Exclusive: The departure of Fidesz is very bad news for the EPP, says MEP François-Xavier Bellamy

editor: REMIX NEWS
author: Olivier Bault

Is the departure of Fidesz from the European People’s Party good news according to you?

This is obviously very bad news. We must be careful not to come to too quick a conclusion: this is in fact the departure of the Fidesz delegation of MEPs from the EPP Group in the European Parliament. Fidesz as such is still a member of the European People’s Party for the time being. The real debate still awaits us when the European People’s Party has to decide on the place of Fidesz in its ranks. As far as our group is concerned, this departure of Fidesz is both a cause of great sadness and a real weakening. Everything must be done to succeed in rebuilding the link, and I see a strong sign that the Fidesz MEPs will remain non-attached. It is a way of showing that they are still waiting to see how they can succeed in reconnecting with the EPP. For our part, we’ll work on it, of course.

When you say “we”, who are you thinking of? Not everyone in the EPP is in favor of Fidesz staying.

No, indeed not, but the French delegation is in favor of it, and it is, in particular, true for me. Even in recent weeks, when certain MEPs wanted to exclude our Fidesz colleagues from the group of the European People’s Party, we rallied the German, Italian and Spanish members to prevent this. We worked for a month and a half to ensure that no collective exclusion was possible. The great paradox is that the Hungarians chose to leave at the moment when we had managed to move away from this perspective; but I can understand their choice, of course.

Those in our group who were campaigning for the departure of Fidesz had proposed new rules to be able to exclude a delegation collectively. Moreover, it would have taken the support of 50 percent of the EPP members to exclude a delegation, instead of the two-thirds required for the individual procedure in force so far. We amended that proposal massively and won on the most important points: collective exclusion had become impossible and it still required a two-thirds majority to exclude a member from the group. This made it impossible to exclude Fidesz members, including individual members, because there is not a two-thirds majority in the EPP Group for such an exclusion.

So what made Fidesz decide to leave anyway?

For years, Viktor Orbán and Fidesz have been permanently on trial. Once again, a vote was taking place clearly concerning Fidesz, and, understandably, this has convinced them that it was no longer relevant to remain in our group. I regret this, however, and I have discussed this at length with my Hungarian colleagues because the risk of their being excluded from the group no longer existed.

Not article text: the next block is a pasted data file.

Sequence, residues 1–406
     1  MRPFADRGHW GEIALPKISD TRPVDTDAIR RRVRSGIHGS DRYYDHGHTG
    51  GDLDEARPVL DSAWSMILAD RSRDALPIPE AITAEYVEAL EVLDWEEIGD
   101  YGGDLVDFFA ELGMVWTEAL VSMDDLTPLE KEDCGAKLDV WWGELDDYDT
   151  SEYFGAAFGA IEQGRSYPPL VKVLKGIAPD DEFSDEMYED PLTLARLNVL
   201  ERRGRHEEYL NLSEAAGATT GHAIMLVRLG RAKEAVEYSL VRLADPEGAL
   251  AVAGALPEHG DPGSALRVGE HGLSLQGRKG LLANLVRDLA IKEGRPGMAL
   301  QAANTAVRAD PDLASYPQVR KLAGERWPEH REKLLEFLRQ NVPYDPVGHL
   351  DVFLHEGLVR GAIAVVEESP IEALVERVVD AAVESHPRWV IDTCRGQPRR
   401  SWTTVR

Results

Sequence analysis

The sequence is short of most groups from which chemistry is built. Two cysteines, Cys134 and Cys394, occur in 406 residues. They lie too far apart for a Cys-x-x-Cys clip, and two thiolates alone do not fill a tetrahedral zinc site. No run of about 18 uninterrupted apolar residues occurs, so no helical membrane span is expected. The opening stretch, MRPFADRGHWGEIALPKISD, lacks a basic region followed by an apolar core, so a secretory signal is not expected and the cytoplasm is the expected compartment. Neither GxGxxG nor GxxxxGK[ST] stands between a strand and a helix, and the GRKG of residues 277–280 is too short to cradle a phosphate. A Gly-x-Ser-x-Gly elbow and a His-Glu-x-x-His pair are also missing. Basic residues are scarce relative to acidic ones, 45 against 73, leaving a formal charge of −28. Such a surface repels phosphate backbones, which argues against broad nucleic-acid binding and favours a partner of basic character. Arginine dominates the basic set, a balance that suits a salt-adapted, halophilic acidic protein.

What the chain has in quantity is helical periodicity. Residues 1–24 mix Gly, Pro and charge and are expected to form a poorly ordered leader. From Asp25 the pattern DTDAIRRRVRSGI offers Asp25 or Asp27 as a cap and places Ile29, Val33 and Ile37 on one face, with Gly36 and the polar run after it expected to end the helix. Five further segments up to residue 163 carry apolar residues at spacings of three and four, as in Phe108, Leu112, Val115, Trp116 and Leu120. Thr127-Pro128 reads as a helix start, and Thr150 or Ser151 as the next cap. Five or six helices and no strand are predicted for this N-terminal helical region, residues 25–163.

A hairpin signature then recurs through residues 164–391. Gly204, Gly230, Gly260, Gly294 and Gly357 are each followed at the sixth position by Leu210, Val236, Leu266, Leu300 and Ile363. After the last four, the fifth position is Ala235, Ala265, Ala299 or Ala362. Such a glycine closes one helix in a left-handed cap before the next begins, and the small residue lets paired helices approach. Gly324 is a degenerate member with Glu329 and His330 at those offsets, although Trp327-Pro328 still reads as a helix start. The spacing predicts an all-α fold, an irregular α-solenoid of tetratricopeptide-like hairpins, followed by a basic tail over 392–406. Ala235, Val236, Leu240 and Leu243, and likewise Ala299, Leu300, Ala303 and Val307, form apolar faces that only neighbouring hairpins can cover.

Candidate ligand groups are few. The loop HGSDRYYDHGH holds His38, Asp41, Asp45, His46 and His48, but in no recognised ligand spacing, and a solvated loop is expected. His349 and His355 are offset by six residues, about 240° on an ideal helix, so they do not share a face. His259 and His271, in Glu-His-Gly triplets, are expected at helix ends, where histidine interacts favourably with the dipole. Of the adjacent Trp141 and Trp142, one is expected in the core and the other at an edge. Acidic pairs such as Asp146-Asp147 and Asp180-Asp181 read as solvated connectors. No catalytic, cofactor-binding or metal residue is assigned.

What do you think of the attitude of Manfred Weber, the German chairman of the EPP Group? You get the impression he was making it personal. Do you think it was because Viktor Orbán prevented him from becoming president of the European Commission?

I have the feeling, despite the rather personal dispute between Manfred Weber and Viktor Orbán, that in the way he managed the group, Manfred Weber never sought to lead a crusade against Viktor Orbán. We have colleagues in the group who are really on a crusade against Hungary. Some were determined to obtain the exclusion of Fidesz from the group and this will also be the case for the exclusion of the party. Donald Tusk, for example, as party president, made it very clear that he wanted to exclude Fidesz against the advice of many EPP members. In the case of Donald Tusk, it is very clear that he is committed, that he has a bias against Fidesz. Manfred Weber never behaved like that. I have always defended Fidesz’s place in the EPP. I have been to Hungary. I have met Viktor Orbán and I have been strongly criticized for this by some colleagues in the group. Manfred Weber has never blamed me for this, and he has even shown his confidence in me by asking me to lead some groundwork on the political identity of our group.

What were the points of disagreement between the Hungarian delegation and part of the EPP Group?

The tragedy is that in the misunderstandings that have accumulated, I see little substantive political disagreement. For example, on the issue of migration, today there is no longer really any debate in the group. The perspective proposed by Viktor Orbán in 2015 is today very widely shared in the EPP. The rejection of the compulsory relocation of migrants is voiced today by the president of the European Commission and Commissioner Margaritis Schinas. The fact that the commissioner responsible for immigration is in charge of defending the European way of life seems to me to be a sign that things have changed and that, basically, the line defended in terms of migration policy by Viktor Orbán in 2015 is the one that is now shared by the overwhelming majority, not only within the EPP but, more generally, in the European institutions.

In the way in which the European institutions operate, there is, of course, a scandalous instrumentalization of the idea of the rule of law in an attempt to punish member states that persist in having conservative policies. However, within the EPP, if we set aside certain MEPs or certain parties who have always been very hostile to Fidesz, today, with many delegations from different countries, it seems to me that what has been lacking is communication and dialogue.